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When Beyoncé’s latest album was released, everyone raged about the song “flawless.” As a lover of music I couldn’t resist a listen but try as I might, I couldn’t get past the “bow down b*****” part of the song so I left it alone. I figured each to his own. And so it was until my friend asked me if I had listened to Chimamanda’s part in the song. Chimamanda has been near the top of my favourite author list from the time I read her book, “Purple Hibiscus” a couple of years ago. I could not pass up an opportunity to hear what she had to say so I played the whole song for the first time and this is what I heard her say:

“We teach girls to shrink themselves
To make themselves smaller
We say to girls
“You can have ambition
But not too much
You should aim to be successful
But not too successful
Otherwise you will threaten the man”
Because I am female
I am expected to aspire to marriage
I am expected to make my life choices
Always keeping in mind that
Marriage is the most important
Now marriage can be a source of
Joy and love and mutual support
But why do we teach girls to aspire to marriage
And we don’t teach boys the same?
We raise girls to each other as competitors
Not for jobs or for accomplishments
Which I think can be a good thing
But for the attention of men
We teach girls that they cannot be sexual beings
In the way that boys are
Feminist: the person who believes in the social
 Political, and economic equality of the sexes.” ~ Chimamanda Ngozi Adichie

I sat in silence for a long while after the song was finished. In that silence I remembered my aunt’s response to my plan to study for a Master’s Degree. “You are going to educate yourself right out of the marriage market,” she said. I remembered my friend’s mother’s response after she listened to my friend and I excitedly plan when we would buy our first apartment… “if you buy a house now, you will scare off men who may want to marry you. They will see that you already have everything and move on.” I thought of the many exceptional women I know who have smashed through the glass ceiling in their fields of expertise who, despite their mammoth success, feel they have failed without marriage. I thought about the society that agrees with them.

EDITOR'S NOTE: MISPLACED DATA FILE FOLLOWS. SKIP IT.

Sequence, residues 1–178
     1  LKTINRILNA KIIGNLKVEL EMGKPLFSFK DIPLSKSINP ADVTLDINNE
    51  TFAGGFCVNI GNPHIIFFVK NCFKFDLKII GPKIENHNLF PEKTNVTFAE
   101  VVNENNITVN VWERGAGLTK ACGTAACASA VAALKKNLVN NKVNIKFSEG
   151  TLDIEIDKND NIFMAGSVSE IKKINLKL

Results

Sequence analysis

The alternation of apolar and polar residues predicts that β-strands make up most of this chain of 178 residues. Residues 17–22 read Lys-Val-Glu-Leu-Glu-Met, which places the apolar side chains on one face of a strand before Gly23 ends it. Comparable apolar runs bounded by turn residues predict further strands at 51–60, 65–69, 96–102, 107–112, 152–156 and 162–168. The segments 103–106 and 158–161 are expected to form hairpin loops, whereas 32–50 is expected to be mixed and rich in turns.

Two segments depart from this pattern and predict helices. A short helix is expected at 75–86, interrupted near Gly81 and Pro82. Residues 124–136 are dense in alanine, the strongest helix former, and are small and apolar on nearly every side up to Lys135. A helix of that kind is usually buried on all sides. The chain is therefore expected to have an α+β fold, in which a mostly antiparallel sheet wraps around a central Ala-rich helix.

I thought of my beautiful, successful friend who went on an amazing first date that was never to be followed up on because when her date, who drives a Toyota Yaris, walked her to her car to find that she drove an S-Class Mercedes, that was the end of that. I thought of my friend the playboy’s answer to the question “would you marry a woman who has been with as many men as you have been with women?” “Of course not!” He replied. “She would obviously be loose.” How ironic I thought. I thought about the fact that girls in many African countries are expelled from schools when they fall pregnant alone and shamed as though they made that baby alone. I thought about the women who raise their children alone and the men who claim the lobola for work they did not do.

I thought about the fact that when a husband cheats on his wife, many will say “he is just being a man. Forgive him. Just make sure he understands that this can not become a habit.” Of course that last part is an optional extra. Some men even give each other the proverbial congratulatory pat on the back when they discover the mistress is very attractive. I thought about the price a woman caught cheating on her husband would have to pay. Divorce and shame would be the minimum price even if he has done the same to her. I thought of the women who endure pain beyond measure to avoid the stigma of being a divorcee: the ones who believe that it is better to endure a regular beating than to endure being a woman alone.

I thought about the fires of sexist bias in my culture that are diligently fanned not just by men, but by women. I thought about my niece and my nephew and I imagined how I would feel if my niece held herself back from success for the meager price of a husband who can only feel big when she is small. In that moment I confirmed what I have always known. I am a feminist. I believe in social, political and economic equality of the sexes.

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